Wednesday, February 23, 2011

"Paper Before the Poem"

"Only a house quiet as snow, a space for myself to go, clean as paper before the poem."

I reread Sandra Cisneros' The House on Mango Street Sunday night.  Twenty-five years after its initial publication in 1984, Cisneros wrote an introduction describing the time when she was writing the novel and the process of adjusting to--and growing to love--the experience of living alone.

"As a girl, she dreamed about having a silent home, just to herself, the way other women dreamed of their weddings."

To live alone, as a woman, is an endless adventure and a constant justification.  It has a resonance that living alone never has for a man. 

Because you're alone, people assume you're always a little lonely.  People assume you're always a little afraid.   

And sometimes you are.  But often you're not.  Not at all, in fact.

Looking at a photo of herself from 1980, Cisneros asks,
"What is the woman in the photograph afraid of?  She's afraid of walking from her parked car to her apartment in the dark.  She's afraid of the scuffling sounds in the walls.  She's afraid she'll fall in love and get stuck living in Chicago.  She's afraid of ghosts, deep water, rodents, night, things that move too fast--cars, airplanes, her life.  She's afraid she'll have to move back home again if she isn't brave enough to live alone."
I remember how, after my house was robbed one night while I was asleep upstairs, I worried that I wouldn't be able to live alone anymore. 

I was afraid to go downstairs after dark.  I woke up in the middle of the night, afraid.

I thought about moving in with friends for a while, until the fear was gone.  But then I wondered, "What if it never goes away?"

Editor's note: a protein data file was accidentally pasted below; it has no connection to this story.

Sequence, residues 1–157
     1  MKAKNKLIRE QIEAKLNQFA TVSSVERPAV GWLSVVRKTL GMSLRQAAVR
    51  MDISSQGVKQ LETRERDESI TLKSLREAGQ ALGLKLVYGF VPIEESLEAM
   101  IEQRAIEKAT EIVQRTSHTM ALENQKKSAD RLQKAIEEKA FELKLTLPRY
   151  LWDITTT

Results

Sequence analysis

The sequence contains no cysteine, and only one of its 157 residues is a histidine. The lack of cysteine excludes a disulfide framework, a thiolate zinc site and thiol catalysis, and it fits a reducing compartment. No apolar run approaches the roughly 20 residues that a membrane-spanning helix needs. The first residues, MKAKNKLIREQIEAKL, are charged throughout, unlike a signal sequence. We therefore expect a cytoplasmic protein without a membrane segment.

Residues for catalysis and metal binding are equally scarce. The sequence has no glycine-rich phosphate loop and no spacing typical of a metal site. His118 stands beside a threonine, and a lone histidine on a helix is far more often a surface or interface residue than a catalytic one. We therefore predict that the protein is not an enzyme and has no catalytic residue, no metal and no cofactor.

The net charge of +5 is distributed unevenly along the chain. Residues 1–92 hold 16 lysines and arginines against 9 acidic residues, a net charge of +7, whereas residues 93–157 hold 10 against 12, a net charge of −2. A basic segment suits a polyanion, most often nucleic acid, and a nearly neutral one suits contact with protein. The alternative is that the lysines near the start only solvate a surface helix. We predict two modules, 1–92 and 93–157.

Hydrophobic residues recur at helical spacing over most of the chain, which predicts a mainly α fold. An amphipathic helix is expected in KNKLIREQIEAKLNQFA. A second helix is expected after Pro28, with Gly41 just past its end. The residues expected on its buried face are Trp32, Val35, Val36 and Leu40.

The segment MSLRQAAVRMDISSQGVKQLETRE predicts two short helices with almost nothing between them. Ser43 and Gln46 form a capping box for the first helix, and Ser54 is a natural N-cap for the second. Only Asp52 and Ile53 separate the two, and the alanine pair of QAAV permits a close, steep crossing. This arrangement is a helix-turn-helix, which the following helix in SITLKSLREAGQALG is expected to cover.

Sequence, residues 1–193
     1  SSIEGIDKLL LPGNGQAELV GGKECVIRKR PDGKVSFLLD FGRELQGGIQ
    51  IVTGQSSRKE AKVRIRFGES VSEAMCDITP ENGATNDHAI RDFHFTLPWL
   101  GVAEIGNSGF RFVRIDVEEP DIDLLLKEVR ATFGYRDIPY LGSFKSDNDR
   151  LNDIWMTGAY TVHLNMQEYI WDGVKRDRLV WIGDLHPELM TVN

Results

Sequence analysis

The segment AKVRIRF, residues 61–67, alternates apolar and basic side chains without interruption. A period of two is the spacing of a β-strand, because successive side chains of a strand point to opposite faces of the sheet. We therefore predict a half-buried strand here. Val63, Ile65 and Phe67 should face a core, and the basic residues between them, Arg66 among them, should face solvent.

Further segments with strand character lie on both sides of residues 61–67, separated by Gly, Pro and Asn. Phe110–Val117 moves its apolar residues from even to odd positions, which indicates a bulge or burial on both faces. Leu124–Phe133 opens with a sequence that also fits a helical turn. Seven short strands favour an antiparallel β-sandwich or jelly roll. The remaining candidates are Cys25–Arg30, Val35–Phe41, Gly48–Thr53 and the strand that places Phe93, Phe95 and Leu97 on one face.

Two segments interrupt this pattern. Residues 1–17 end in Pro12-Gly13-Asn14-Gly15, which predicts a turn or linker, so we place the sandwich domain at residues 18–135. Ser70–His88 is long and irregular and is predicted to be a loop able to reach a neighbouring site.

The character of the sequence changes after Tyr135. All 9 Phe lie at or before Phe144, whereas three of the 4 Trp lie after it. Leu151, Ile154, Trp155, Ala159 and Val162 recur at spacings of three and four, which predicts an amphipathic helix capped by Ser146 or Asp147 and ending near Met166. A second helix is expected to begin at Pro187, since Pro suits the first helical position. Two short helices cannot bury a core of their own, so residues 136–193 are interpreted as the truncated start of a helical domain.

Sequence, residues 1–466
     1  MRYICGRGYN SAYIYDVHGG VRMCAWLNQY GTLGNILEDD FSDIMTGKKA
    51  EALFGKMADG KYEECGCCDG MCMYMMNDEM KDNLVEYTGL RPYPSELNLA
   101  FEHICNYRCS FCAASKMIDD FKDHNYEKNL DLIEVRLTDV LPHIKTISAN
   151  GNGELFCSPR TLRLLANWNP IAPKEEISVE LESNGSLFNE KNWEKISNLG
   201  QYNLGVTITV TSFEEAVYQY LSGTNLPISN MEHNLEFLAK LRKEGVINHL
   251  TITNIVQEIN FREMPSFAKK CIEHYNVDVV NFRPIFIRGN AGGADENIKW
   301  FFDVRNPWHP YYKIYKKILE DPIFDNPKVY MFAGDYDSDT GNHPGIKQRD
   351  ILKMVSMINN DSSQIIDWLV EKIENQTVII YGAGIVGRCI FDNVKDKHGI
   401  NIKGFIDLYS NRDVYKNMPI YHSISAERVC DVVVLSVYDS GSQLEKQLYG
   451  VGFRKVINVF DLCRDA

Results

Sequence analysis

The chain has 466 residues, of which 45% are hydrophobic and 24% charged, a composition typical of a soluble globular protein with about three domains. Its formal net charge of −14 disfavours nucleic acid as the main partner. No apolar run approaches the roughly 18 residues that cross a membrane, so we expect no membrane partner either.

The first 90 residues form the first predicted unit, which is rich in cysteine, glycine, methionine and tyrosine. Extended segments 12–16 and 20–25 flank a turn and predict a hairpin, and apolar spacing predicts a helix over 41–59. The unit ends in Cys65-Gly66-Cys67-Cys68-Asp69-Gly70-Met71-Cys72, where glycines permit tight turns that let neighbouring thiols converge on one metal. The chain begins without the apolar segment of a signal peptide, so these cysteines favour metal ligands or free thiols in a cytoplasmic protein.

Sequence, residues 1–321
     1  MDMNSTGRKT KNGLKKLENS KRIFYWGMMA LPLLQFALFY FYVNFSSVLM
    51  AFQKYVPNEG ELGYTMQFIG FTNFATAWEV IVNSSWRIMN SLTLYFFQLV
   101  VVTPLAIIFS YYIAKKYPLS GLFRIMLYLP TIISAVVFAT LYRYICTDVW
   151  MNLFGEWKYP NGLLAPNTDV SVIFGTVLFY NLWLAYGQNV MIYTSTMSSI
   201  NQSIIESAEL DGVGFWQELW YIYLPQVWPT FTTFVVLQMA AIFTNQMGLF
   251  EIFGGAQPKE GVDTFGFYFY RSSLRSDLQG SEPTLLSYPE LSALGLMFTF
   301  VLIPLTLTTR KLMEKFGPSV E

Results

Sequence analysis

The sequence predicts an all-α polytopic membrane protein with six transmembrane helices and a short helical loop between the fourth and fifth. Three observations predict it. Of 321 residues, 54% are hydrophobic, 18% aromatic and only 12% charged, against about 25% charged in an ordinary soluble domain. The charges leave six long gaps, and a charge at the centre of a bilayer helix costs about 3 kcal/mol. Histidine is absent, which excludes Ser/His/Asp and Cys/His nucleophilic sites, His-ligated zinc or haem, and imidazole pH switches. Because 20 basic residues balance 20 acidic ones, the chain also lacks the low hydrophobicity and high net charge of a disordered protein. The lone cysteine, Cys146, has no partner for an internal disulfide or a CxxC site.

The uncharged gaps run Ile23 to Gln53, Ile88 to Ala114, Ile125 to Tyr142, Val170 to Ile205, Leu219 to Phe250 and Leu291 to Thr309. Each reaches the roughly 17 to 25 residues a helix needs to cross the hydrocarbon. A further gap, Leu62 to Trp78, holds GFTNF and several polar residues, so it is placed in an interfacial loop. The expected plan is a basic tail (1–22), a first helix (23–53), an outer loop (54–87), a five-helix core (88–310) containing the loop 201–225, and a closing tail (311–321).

I wondered who I would be, if I couldn't live alone.

I knew that sooner or later, I would have to come home.  And that for me, living alone was always being home.

So, in the middle of the night, every night, I got up and dragged a huge trunk across the floor to block my bedroom door.  I did it until I stopped waking up afraid.

When a friend comments, "You live here ... alone?... How did you do it?", Cisneros replies,
"I did it by doing the things I was afraid of doing so that I would no longer be afraid.  Moving away to go to graduate school.  Traveling abroad alone.  Earning my own money and living by myself.  Posing as an author when I was afraid...".
It's a cultural residue that still lingers with us, the idea that a frightened woman should simply accept the fear, find a safehaven, a protector, a retreat. 

Let someone else handle the finances, the business, the "serious stuff."  Get advice.  Follow it.  Get a job, but then fall in Love.  Get married.  It's all you can do.  It's all you have.

Except that there are no safehavens, no protectors, no retreats.  Jobs are just jobs, but love isn't always Love, in the end. 

And not all advice is good advice. 

This is life, what Dorothy Parker cynically characterizes in "Coda" as "This living, this living, this living."  This is the life that you have.  And there is always more that you can do, always.

Reading The House on Mango Street again on Sunday night, I thought about where I was the first time I read it and I thought of all of the spaces I've occupied since then--apartments, houses, rooms.  I thought of all of the places I've been since then--Moscow, Providence, San Francisco, Paris, Lisbon, London. 

I never knew I was that brave, and I never felt very brave.  I ignored a lot of good advice along the way.

As Mary-Chapin Carpenter sings, "We've got two lives, one we're given and the other one we make." 

So take what is given, and make it into something more.

And then come back.  As the old women tell Esperanza in The House on Mango Street, "When you leave you must remember to come back for the others.  A circle, understand?"

"You must remember to come back.  For the ones who cannot leave as easily as you."


  1. I needed to read that just now. Thanks!

  2. Thank you, Victoria! I think we always have to come back for each other, too--sometimes, leaving is easy, sometimes, not so much.


Ralph Waldo Emerson once wrote, "Life is short, but there is always time for courtesy."